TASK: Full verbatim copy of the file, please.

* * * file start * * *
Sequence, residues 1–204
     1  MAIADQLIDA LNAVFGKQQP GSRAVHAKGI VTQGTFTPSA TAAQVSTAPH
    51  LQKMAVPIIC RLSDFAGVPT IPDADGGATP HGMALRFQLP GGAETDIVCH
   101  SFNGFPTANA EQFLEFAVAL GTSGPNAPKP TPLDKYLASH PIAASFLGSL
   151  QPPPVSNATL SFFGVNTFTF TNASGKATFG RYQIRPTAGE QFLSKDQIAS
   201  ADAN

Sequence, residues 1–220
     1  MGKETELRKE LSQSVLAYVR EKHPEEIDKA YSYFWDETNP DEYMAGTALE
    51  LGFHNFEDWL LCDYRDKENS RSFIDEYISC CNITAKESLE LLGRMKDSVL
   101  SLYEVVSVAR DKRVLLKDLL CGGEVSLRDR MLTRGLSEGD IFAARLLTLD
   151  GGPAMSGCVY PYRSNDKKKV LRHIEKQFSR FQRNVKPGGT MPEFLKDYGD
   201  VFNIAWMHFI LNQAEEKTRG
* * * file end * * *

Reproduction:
Sequence, residues 1–204
     1  MAIADQLIDA LNAVFGKQQP GSRAVHAKGI VTQGTFTPSA TAAQVSTAPH
    51  LQKMAVPIIC RLSDFAGVPT IPDADGGATP HGMALRFQLP GGAETDIVCH
   101  SFNGFPTANA EQFLEFAVAL GTSGPNAPKP TPLDKYLASH PIAASFLGSL
   151  QPPPVSNATL SFFGVNTFTF TNASGKATFG RYQIRPTAGE QFLSKDQIAS
   201  ADAN

Sequence, residues 1–220
     1  MGKETELRKE LSQSVLAYVR EKHPEEIDKA YSYFWDETNP DEYMAGTALE
    51  LGFHNFEDWL LCDYRDKENS RSFIDEYISC CNITAKESLE LLGRMKDSVL
   101  SLYEVVSVAR DKRVLLKDLL CGGEVSLRDR MLTRGLSEGD IFAARLLTLD
   151  GGPAMSGCVY PYRSNDKKKV LRHIEKQFSR FQRNVKPGGT MPEFLKDYGD
   201  VFNIAWMHFI LNQAEEKTRG